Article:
Scientists have shown a robot squid. He swims and takes pictures of marine life

Engineers from the University of California, San Diego have built a squid-like robot that can swim and move on its own, creating jets of water. The robot is equipped with its own energy source. It can also carry a sensor such as a camera for underwater research. Researchers detail their work in a recent issue of Bioinspiration and Biomimetics magazine.

“Basically, we recreated all the key features that squid use for high-speed swimming”, explains Michael T. Tolly, one of the senior authors of the article and professor in the Department of Mechanical and Aerospace Engineering at the University of California, San Diego. “This is the first untethered robot that can generate reactive impulses for a rapid movement like a squid, and can reach these reactive impulses by reshaping its body, which improves swimming efficiency”.

This squid robot is made mainly of soft materials like acrylic resin, with a few hard 3D printed and laser-cut parts. The use of soft robots in underwater research is important to protect fish and corals that can be damaged by hard robots. But soft robots tend to move slowly and have difficulty maneuvering.

The research team, which includes robotics and experts in computer modeling and experimental hydrodynamics, has turned to cephalopods as a good model for solving some of these problems. For example, squid can reach the highest speed among aquatic invertebrates thanks to the mechanism of jet propulsion.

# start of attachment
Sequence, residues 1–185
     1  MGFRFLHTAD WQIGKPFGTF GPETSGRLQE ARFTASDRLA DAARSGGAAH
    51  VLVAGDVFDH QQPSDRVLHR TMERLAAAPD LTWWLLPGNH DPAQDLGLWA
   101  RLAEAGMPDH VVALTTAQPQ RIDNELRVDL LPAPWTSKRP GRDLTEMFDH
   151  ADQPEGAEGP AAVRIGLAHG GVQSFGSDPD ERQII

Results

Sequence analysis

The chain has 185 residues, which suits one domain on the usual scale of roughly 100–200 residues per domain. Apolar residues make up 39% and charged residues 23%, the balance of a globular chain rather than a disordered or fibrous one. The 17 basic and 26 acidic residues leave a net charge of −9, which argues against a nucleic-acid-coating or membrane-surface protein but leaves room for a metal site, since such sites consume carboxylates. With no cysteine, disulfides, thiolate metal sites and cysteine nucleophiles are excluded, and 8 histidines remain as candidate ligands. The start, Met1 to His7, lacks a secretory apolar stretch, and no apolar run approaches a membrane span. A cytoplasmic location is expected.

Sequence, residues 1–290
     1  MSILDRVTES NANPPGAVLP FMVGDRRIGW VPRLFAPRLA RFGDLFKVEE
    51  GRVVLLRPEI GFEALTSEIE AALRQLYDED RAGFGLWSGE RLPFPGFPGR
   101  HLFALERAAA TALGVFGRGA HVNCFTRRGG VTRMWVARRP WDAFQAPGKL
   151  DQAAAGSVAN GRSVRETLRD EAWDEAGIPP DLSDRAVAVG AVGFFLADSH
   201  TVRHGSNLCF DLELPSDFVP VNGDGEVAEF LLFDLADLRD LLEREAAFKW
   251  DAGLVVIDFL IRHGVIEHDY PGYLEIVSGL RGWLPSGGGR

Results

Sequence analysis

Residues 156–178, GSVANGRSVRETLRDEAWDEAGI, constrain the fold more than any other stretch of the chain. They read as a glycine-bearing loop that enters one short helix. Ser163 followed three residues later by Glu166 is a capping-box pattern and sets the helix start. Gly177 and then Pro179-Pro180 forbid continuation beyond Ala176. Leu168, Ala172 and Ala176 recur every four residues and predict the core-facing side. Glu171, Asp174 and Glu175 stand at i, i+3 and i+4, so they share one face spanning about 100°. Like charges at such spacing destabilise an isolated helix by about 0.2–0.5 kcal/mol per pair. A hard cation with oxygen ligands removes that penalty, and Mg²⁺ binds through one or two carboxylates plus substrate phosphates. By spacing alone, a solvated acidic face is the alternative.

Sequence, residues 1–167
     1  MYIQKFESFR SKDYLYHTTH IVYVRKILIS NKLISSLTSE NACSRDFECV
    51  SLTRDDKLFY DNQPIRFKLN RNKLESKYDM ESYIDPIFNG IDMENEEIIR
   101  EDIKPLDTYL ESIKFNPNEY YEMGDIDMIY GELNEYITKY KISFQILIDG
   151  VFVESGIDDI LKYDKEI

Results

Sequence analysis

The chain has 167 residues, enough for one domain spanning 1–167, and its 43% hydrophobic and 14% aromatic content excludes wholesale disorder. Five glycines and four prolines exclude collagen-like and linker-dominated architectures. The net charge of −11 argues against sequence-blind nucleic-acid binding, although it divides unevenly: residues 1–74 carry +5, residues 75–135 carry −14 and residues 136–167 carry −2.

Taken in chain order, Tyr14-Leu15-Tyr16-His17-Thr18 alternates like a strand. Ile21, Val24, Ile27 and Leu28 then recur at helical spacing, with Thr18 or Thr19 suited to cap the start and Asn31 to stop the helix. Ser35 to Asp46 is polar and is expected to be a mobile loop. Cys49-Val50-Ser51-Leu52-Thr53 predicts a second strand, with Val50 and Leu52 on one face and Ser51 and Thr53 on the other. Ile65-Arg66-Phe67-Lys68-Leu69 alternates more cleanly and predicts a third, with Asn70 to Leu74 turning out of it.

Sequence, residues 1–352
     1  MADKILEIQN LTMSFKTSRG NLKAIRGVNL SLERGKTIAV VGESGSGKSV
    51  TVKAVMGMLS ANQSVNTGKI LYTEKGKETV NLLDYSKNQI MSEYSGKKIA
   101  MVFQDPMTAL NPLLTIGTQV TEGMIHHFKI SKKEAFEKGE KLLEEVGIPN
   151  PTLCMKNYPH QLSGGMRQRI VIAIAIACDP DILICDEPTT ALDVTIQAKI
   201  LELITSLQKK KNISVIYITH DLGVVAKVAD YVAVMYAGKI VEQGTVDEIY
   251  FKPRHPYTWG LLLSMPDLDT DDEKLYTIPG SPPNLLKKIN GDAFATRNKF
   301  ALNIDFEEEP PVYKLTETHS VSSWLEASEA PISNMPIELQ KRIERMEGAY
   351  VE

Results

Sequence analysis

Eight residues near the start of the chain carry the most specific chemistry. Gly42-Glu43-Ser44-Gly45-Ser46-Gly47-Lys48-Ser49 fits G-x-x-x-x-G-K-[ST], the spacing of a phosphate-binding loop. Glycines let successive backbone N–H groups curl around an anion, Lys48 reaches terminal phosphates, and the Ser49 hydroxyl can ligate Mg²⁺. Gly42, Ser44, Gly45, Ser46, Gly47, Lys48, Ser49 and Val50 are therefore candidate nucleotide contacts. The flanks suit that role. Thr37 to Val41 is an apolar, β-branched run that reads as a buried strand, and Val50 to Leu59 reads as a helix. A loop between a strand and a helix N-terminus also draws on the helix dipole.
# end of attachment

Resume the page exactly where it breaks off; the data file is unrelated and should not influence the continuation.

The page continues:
Their robot takes a volume of water into its body while storing elastic energy in the skin and flexible ribs. He then releases this energy by squeezing his body and generates a stream of water to move.

The researchers conducted several experiments to find the optimal size and shape of the nozzle that would drive the robot. This, in turn, helped them improve the robot’s efficiency and its ability to maneuver and move faster. The robot’s speed is about 18 to 32 centimeters per second (about 0.8 km per hour), which is much faster than most other soft material prototypes.

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Author: John Kessler
Graduated From the Massachusetts Institute of Technology. Previously, worked in various little-known media. Currently is an expert, editor and developer of Free News.
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John Kessler

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